Tension in the workplace is common. Everyone wants to be as productive as possible to improve their respective careers. This often creates a conflict of interest since a person wants to be on top over some employees – a fact that will not be received well by other employees who also wanted to improve in their career.
Aside from workplace competition, family problems, conflicting personalities and pressure from upper management could take its toll on employees. These factors could easily lead to frustration, stress and ultimately anger. Physical contact caused by anger could easily happen in the workplace if they are not prevented.
Managers and supervisors have a big role in controlling anger and other forms of negative emotions on employees. As the leader, they have to take charge of every business aspect and everything that might affect the business process – including workplace turmoil among employees. When conflict escalates into anger in the workplace, the manager has to do all he can to prevent further damages in the workplace.
Financial Aspect of Anger
Aside from creating a friendly atmosphere in the workplace, a good reason for managers to control and prevent anger from employees is money. When conflicts escalate in the office, productivity goes down which means less profits for the company. Although healthy competition could rise, conflicting parties would only think of damaging the other party instead of improving their numbers.
It could even get worst when conflict and anger escalates to physical contact among employees. When an employee assaults another employee, the repercussions go beyond simple tension and productivity – someone will be sued, compensation will be provided to those assaulted and anger management program will be implemented on some of the employees. All these happen with corresponding financial responsibility on the part of the company.
Knowing through External Actions
While it is true that work pressure and colleagues could have a major impact on anger issues on the individual, it could be possible that the reason for uncontrollable rage on some employees could come from home. This could be difficult for the managers to know since a proper business relationship has to be established.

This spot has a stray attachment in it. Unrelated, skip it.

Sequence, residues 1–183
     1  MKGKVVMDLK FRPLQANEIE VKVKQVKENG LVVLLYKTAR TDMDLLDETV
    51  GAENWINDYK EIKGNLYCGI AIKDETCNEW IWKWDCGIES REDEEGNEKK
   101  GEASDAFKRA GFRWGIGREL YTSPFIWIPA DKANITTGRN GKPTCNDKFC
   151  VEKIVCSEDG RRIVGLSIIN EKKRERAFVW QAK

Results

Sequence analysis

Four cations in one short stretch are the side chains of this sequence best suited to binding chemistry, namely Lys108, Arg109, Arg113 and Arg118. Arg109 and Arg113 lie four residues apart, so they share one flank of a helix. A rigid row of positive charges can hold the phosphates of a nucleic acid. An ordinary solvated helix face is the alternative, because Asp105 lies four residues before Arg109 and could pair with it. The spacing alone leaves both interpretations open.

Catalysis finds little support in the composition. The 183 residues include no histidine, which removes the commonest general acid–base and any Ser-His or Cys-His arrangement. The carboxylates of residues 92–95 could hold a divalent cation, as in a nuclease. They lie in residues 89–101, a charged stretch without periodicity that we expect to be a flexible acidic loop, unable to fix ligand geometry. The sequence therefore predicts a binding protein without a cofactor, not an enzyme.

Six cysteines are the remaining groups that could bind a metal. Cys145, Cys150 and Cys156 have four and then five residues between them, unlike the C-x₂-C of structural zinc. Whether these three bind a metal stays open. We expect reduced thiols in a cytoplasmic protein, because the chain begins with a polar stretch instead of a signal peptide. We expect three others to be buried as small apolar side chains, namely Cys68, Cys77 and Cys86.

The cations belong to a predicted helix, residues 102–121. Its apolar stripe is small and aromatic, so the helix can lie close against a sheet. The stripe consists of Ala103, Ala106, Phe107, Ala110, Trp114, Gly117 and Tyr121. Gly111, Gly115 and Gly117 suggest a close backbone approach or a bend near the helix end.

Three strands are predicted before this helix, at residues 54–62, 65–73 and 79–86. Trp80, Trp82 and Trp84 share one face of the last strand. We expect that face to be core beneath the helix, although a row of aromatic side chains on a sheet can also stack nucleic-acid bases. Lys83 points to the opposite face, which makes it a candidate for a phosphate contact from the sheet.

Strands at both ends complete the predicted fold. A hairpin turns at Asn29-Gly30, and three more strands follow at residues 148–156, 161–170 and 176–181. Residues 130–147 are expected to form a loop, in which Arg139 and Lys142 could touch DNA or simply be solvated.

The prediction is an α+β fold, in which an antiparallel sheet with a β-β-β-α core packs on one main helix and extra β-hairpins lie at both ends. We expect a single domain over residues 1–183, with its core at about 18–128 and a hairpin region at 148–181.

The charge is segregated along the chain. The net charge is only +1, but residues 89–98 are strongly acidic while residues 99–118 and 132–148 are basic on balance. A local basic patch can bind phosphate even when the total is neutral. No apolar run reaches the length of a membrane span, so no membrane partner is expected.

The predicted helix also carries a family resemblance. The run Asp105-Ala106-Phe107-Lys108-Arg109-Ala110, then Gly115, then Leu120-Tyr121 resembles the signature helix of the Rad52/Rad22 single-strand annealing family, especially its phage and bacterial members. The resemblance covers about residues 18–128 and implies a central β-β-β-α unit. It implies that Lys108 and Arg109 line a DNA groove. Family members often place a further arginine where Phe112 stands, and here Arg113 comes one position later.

For that reason, managers have to aid their employees’ anger issues based on their external actions. These actions will give managers an idea on how to deal with the situation and see how deep violence could affect work.
The assistance offered by managers is aimed to prevent any violent actions escalating at work. When violence happens, it could be said that the managers failed to prevent this type of events from happening because the problem was not addressed as soon as it has started to come out. The external actions are already there so the manager would have noticed these and could have addressed them as soon as possible.
Strategies for Managers
The reason why managers could be blamed for preventing such actions is that they are in a perfect position to implement strategies to prevent workplace violence and anger related problems.
There are, in fact, specific strategies for managers to control and prevent anger in workplace. We can place these strategies into two types: the mild and strong strategies.
Mild strategy is all about seeking assistance as well as extending emotional help to the employees. Managers can ask company psychologist, psychiatrist and the HR department for evaluation and emotional assistance to their employees.
Aside from outside help, managers could also control anger in their employees by implementing “assertive communication” wherein the manager expresses his or her feelings about the situation sternly with a fair reason why these feelings are triggered.
Strong strategies are actual managerial actions that will control any confusion in the workplace and prevent rage. There are two things that a manager could do in this strategy. First is to specify the limitation for each employee.
For example, each employee should provide an actual timeframe for the assignment so that the other employee would have fair expectations on how the project would be delivered. This expectation will be complemented by the second act a manager would do: penalization with a stern warning.
A manager might run into employees that are not enthusiastic about the rules and expectations. This could create problems when they are not addressed as soon as possible. If they do not follow after a warning, penalization should be implemented.